On the layers palette, where it says ‘normal’, click on the arrow (and if you’re me, have a nervous breakdown when you can’t see the mode you want and start gently weeping) and change it to “Addition”

This mutes the colours a little and gets rid of that ‘jaundiced’ look Sophie has.



I’m making some more tweaks now, just as I did for the Photoshop version. On the very top top layer (the soft light copy of the background), click once to select and then create a new layer (the new page icon on the palette). Fill this one with a beige/cream colour and set this to ‘Multiply’

Another new layer on top of that one, this time fill it with a pale aqua blue and set it to ‘Burn’.

Not right yet, so what we’ll do is change the ‘opacity’ of these last two layers. Click once on the beigey layer and slide the arrow to the left (from 100% to 80%).

Click on the pale blue layer and reduce that one down to 20%.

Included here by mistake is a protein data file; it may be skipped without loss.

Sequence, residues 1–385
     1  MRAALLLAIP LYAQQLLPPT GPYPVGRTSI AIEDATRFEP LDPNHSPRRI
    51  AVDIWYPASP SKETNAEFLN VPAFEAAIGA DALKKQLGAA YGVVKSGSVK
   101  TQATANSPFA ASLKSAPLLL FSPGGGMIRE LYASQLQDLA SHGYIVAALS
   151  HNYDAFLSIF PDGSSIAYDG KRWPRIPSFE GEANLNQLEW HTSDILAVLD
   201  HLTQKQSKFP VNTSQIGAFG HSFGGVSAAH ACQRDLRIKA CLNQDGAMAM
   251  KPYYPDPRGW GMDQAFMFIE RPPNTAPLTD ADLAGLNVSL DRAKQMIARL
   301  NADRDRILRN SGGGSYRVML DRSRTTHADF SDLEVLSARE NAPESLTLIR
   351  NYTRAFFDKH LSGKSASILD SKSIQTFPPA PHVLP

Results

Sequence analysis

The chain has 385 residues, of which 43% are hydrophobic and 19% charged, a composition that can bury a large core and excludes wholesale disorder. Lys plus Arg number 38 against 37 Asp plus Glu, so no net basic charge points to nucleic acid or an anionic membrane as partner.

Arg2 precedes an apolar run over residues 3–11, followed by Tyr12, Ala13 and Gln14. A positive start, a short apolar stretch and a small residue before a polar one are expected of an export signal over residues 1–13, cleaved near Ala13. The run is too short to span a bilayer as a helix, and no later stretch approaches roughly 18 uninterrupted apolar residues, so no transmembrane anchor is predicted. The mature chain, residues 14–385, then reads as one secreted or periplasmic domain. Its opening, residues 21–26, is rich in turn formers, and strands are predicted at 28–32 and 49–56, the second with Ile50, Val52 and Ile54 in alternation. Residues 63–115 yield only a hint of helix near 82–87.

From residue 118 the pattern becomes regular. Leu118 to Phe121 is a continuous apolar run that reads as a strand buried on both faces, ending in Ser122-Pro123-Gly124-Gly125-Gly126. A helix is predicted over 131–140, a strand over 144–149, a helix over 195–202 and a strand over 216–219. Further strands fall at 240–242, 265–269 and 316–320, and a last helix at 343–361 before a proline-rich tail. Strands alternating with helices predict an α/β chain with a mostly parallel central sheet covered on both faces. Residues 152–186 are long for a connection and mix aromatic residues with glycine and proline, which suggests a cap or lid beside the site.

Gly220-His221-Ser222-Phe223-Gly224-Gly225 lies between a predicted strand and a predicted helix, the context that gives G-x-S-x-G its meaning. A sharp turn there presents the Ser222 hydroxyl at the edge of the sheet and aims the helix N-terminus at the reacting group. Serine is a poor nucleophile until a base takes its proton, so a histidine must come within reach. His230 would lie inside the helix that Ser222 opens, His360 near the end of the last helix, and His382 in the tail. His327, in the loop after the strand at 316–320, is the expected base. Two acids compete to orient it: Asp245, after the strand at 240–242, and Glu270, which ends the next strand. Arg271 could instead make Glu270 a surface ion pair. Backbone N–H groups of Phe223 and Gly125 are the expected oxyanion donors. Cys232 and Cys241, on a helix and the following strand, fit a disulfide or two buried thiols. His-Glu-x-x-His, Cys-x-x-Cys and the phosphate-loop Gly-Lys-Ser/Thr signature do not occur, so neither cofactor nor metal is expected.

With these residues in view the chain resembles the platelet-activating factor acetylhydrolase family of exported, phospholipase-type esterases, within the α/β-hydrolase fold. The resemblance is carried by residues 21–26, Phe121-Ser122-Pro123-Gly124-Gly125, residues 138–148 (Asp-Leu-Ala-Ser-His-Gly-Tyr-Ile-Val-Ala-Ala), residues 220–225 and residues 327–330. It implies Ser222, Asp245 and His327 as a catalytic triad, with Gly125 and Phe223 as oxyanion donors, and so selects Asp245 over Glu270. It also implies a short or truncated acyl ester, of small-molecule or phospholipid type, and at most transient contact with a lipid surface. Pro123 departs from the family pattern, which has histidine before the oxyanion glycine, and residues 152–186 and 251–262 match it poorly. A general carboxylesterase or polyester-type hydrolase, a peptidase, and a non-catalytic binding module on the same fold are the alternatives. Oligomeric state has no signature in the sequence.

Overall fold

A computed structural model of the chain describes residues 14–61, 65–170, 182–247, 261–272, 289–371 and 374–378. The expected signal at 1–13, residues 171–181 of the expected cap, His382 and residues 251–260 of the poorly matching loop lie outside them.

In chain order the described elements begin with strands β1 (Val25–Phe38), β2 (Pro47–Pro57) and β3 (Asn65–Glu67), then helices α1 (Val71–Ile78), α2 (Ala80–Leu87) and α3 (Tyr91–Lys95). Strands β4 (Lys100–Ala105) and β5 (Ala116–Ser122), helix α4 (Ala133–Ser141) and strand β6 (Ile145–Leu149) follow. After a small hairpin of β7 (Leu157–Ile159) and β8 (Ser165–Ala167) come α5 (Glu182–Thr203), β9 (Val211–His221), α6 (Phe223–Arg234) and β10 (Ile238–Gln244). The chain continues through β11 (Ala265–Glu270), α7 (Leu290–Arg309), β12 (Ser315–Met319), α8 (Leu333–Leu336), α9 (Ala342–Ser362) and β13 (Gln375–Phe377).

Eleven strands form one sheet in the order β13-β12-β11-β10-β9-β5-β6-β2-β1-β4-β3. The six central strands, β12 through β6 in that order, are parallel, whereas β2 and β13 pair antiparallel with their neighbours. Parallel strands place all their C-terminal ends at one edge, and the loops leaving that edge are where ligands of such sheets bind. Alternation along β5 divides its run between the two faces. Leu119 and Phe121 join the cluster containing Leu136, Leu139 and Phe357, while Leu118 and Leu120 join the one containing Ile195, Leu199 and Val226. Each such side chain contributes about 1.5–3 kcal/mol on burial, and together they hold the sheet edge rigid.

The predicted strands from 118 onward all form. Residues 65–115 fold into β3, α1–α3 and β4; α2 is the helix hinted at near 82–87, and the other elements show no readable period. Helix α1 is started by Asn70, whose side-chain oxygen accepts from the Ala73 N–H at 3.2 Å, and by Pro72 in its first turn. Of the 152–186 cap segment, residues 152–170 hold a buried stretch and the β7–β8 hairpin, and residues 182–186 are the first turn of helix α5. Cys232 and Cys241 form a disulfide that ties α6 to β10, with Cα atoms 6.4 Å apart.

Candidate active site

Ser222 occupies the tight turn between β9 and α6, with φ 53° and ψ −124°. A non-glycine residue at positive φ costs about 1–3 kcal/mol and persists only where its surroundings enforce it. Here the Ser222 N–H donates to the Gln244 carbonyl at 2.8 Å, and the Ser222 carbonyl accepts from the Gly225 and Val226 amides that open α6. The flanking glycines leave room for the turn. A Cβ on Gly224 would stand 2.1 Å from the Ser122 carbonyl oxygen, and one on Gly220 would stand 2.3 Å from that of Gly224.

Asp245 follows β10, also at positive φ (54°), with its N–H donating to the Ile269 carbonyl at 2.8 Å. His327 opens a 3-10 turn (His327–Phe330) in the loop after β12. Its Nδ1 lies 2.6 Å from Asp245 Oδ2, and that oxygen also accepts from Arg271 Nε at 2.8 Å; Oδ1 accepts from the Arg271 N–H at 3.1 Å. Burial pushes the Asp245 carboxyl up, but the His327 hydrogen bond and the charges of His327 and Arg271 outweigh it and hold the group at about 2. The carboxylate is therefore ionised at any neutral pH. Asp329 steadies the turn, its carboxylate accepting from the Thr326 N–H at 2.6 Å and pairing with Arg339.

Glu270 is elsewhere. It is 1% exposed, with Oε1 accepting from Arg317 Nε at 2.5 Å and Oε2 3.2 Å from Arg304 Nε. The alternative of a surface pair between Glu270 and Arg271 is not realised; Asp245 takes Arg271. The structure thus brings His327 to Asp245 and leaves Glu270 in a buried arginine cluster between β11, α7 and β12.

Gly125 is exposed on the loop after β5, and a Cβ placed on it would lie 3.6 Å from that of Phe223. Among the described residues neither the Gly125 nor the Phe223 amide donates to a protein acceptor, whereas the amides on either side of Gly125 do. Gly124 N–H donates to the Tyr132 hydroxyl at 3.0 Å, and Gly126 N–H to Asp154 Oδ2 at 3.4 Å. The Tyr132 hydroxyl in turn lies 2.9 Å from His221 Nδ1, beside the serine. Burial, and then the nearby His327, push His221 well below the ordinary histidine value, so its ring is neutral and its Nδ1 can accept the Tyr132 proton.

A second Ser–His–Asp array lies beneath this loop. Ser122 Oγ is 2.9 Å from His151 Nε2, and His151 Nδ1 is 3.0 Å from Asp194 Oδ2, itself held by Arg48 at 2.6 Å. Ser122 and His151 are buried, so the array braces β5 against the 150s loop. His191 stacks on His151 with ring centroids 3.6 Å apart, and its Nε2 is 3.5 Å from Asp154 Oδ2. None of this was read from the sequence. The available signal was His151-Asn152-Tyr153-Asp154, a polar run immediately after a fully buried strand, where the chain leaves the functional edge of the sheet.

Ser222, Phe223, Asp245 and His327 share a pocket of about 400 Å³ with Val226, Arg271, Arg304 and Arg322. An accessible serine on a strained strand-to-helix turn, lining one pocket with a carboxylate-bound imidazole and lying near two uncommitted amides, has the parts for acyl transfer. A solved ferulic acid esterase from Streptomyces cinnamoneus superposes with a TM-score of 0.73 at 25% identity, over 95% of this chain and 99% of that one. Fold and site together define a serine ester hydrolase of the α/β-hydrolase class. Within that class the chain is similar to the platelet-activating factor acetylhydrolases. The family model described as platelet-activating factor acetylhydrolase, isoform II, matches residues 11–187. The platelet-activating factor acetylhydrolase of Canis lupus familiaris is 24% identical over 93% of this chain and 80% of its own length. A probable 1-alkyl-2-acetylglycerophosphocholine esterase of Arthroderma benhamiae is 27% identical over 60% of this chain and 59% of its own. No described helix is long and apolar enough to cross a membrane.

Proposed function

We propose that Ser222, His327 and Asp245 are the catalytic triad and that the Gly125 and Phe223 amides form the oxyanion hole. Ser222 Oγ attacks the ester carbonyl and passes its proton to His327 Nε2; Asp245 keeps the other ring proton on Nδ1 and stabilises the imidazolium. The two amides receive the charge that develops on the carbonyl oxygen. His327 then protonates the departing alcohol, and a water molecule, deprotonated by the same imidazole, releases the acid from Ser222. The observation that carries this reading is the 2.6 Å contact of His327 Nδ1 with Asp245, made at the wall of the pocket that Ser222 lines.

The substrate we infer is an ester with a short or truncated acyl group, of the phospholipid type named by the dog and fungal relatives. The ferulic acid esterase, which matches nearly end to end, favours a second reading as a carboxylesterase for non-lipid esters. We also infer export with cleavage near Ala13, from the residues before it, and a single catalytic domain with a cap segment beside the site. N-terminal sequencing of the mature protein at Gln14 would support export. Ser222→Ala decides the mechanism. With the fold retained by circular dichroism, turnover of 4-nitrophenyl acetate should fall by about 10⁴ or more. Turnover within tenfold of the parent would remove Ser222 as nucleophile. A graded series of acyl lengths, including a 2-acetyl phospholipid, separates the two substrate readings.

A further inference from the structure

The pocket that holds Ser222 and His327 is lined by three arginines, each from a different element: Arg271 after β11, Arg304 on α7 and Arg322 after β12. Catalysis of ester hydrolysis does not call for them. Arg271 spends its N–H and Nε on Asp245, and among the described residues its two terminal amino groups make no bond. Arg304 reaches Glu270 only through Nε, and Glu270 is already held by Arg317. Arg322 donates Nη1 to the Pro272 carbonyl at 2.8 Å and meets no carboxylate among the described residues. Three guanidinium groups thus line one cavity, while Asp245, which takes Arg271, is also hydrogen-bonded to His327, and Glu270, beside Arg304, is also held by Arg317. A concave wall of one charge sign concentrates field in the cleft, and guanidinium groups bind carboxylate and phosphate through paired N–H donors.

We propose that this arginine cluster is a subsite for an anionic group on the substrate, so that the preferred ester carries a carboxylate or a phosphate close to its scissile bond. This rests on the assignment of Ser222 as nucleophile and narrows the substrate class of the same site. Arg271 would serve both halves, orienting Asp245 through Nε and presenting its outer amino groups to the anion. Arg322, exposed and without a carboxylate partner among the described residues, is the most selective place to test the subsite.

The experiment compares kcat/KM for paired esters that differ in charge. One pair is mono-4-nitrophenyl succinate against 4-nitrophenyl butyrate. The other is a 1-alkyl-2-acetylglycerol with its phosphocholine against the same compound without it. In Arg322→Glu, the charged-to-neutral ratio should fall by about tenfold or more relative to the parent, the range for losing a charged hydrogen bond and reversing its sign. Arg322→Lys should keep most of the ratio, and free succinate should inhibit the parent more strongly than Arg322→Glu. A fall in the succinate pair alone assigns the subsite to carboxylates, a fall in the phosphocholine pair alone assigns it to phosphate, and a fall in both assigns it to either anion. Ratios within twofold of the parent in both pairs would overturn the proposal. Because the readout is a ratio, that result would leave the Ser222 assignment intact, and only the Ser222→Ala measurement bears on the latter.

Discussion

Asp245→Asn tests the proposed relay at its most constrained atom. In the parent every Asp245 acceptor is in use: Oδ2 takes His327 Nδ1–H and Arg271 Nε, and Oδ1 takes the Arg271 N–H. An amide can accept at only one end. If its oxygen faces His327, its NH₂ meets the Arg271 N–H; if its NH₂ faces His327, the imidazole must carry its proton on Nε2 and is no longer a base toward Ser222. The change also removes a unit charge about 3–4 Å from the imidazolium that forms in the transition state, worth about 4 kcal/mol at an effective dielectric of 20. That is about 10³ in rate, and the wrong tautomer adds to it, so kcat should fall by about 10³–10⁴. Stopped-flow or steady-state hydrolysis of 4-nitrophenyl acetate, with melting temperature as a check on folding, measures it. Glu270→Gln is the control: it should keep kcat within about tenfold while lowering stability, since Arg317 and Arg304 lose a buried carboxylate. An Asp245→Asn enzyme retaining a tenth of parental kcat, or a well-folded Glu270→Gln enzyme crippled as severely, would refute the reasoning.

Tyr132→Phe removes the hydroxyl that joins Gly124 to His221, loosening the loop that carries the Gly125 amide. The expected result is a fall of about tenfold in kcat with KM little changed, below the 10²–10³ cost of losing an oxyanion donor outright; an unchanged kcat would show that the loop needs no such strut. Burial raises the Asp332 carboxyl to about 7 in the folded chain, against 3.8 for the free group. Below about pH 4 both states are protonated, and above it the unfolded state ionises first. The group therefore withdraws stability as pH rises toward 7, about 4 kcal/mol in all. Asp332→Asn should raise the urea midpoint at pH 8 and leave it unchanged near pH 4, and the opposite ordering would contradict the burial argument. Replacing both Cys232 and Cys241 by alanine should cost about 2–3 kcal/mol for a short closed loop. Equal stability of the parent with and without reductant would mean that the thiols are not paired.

Et voila!



Not *completely* the same, but both are useable icons, no?
 
 
Current Mood: exhaustedexhausted
Current Music: Kane - One More Shot
 
 
 
scout_loverscout_lover on January 7th, 2012 09:08 pm (UTC)
I'll never be the icon goddess that you are, but, using your tips I went from this:

eliot-start

to this:

eliot-final

Now I just have to remember how I did it, lol.
the girl who used to dance on fire and brimstone: lvg//eliot crazy eyes - mewhiskyinmind on January 9th, 2012 01:09 pm (UTC)
ooo! I *like* that one! Great job sweetie!
scout_loverscout_lover on January 9th, 2012 07:38 pm (UTC)
Thank you! Like I said, I just have to remember this stuff.

See my icon up there? ^ I made it … and have no freaking idea how. Sometimes I really irritate myself, lol.